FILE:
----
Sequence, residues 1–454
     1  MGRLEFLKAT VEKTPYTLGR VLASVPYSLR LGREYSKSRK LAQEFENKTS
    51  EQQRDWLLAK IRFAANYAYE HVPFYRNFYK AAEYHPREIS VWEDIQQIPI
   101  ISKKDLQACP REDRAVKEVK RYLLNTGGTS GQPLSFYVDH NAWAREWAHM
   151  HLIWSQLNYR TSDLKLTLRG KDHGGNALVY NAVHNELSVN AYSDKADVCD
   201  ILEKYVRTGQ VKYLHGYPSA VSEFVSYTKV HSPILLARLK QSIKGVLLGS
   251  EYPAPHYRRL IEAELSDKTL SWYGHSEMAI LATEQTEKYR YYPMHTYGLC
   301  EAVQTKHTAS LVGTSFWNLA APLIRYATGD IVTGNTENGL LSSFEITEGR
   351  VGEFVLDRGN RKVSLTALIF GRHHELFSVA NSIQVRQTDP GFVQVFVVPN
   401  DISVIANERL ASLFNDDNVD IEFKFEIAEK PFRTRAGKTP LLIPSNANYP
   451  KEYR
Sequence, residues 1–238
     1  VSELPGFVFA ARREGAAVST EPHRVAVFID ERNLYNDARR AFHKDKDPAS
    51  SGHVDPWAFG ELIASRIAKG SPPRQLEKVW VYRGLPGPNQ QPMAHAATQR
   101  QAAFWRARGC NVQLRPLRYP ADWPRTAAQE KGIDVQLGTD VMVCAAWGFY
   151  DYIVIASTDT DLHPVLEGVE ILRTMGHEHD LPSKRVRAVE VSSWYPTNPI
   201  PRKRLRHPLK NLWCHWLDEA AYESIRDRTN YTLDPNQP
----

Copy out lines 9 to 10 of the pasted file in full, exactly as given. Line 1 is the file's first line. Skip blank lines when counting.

   351  VGEFVLDRGN RKVSLTALIF GRHHELFSVA NSIQVRQTDP GFVQVFVVPN
   401  DISVIANERL ASLFNDDNVD IEFKFEIAEK PFRTRAGKTP LLIPSNANYP